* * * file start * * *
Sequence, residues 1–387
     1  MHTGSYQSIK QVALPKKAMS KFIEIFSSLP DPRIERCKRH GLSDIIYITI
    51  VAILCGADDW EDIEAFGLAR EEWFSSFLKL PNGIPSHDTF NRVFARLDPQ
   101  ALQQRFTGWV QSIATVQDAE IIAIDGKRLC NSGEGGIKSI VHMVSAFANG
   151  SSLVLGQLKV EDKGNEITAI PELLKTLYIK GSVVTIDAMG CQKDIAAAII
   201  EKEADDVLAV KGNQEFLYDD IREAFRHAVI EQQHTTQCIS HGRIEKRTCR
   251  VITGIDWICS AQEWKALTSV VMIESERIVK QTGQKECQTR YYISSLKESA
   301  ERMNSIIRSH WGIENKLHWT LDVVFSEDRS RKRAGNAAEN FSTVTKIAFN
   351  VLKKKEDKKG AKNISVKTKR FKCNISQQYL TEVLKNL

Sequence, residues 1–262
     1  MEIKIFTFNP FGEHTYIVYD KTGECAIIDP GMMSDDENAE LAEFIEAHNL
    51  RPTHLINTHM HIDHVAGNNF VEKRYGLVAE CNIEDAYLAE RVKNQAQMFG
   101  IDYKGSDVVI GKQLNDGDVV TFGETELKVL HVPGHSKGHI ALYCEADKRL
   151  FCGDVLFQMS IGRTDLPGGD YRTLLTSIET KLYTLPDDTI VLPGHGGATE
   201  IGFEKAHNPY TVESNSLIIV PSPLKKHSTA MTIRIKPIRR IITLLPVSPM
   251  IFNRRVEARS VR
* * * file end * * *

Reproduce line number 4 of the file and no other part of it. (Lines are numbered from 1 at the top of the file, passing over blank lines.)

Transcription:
   101  ALQQRFTGWV QSIATVQDAE IIAIDGKRLC NSGEGGIKSI VHMVSAFANG